As mentioned in the section, ``The relationship between Time, Place, and Duration'', subtracting two Times yields a Duration, while adding a Duration to a Time or subtracting a Duration from a Time yields another Time. The Times and Durations resulting from these operations always appear (when viewed) as normalized values. For example:
Time t = Time(1987,Time::july,3)+Duration::hours(19); Duration d = Duration::hours(7); cout << t+d << endl;
Adding (or subtracting) a Duration to (from) a Time may produce a result outside the range [Time::MIN(),Time::MAX()]. Although this condition is not checked for, it normally results in overflow (underflow). When this occurs, a future Time can become a Time in the past, and vice-versa. This need not normally concern most programmers.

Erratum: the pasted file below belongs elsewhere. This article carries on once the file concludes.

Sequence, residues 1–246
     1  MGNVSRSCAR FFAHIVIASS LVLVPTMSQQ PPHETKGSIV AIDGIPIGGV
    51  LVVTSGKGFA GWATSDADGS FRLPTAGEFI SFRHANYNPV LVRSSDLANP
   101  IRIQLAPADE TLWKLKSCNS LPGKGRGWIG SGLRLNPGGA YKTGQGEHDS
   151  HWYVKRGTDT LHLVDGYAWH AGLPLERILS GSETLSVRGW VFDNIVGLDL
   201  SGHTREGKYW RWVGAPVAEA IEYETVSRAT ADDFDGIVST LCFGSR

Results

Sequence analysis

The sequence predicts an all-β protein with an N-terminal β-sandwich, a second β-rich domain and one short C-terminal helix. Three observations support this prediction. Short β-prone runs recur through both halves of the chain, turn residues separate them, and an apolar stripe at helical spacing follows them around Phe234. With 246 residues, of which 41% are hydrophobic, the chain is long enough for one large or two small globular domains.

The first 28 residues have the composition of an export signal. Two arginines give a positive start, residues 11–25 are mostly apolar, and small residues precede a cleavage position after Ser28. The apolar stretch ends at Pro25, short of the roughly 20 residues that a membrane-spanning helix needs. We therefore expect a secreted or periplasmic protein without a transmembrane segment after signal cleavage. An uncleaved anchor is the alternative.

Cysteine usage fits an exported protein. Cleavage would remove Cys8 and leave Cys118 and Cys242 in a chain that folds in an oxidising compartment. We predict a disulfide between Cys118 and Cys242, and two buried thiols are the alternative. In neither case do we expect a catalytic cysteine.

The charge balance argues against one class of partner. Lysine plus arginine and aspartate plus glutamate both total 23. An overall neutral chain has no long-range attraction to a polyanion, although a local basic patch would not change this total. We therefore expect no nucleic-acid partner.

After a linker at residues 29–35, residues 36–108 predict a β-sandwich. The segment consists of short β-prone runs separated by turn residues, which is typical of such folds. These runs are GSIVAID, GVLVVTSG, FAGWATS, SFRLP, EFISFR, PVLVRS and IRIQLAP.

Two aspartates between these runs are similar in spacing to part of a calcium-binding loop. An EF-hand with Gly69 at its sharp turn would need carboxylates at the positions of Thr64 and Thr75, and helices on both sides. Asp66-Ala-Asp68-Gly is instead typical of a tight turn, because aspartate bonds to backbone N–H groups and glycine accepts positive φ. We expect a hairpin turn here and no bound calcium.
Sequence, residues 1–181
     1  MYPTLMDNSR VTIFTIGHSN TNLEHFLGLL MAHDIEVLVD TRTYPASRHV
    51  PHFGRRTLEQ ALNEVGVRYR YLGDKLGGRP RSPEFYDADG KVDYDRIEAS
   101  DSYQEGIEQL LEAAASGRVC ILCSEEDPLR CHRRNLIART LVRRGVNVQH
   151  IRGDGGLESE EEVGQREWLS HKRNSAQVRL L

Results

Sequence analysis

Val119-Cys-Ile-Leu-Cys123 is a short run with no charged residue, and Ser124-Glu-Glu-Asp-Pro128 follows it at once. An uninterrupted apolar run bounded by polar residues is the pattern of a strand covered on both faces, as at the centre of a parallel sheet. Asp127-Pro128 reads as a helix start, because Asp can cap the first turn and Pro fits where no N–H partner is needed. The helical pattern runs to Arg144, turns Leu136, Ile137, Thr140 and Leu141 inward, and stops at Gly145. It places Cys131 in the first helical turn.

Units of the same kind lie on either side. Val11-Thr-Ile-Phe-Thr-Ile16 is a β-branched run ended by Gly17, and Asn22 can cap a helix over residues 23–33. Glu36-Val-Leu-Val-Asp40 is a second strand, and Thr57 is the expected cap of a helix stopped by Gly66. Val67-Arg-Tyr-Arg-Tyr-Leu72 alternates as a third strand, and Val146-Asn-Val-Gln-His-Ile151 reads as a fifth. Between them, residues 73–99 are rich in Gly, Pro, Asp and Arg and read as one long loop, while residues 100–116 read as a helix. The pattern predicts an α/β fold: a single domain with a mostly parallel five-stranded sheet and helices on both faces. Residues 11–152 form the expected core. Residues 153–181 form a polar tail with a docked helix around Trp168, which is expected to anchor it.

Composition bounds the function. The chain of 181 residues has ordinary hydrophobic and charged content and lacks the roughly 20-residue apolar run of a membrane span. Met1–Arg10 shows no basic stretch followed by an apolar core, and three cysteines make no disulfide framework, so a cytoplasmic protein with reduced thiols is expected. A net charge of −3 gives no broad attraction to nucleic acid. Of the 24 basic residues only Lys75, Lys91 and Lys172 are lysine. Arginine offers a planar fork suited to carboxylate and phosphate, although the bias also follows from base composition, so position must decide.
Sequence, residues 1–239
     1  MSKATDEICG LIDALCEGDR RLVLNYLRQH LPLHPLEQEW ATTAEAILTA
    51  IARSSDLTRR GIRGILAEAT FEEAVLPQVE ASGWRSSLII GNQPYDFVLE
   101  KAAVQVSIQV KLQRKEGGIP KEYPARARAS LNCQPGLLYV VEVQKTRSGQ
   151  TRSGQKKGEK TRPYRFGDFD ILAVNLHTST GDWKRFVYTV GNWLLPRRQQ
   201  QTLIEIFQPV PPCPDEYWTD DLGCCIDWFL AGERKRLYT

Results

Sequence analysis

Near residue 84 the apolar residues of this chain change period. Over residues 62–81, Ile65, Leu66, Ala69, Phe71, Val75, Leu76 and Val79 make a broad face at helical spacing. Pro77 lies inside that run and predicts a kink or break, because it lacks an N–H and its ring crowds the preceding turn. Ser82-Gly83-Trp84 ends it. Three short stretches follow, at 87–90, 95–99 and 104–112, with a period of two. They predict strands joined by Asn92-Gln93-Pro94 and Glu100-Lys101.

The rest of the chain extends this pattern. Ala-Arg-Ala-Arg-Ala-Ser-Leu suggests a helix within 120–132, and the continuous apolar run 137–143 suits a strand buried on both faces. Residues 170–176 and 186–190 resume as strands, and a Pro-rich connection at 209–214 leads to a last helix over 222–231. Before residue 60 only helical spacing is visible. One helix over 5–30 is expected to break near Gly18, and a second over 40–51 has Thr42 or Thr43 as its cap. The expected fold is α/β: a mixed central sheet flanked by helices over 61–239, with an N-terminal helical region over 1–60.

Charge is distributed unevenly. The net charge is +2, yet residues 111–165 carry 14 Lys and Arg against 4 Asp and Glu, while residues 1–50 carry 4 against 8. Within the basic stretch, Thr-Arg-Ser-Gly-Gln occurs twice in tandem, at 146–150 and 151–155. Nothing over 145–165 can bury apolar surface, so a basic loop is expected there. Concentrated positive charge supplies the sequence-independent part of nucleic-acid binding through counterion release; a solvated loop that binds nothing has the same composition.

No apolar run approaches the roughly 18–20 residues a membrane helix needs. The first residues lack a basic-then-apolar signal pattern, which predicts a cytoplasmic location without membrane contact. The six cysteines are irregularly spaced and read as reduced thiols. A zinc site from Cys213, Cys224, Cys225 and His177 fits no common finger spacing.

Taking the difference between two Times which differ by more than Duration::MAX() can also cause (Duration) overflow. Again, this condition is not checked for, and it normally yields a Duration with the wrong sign and magnitude. Again, this need not concern most programmers.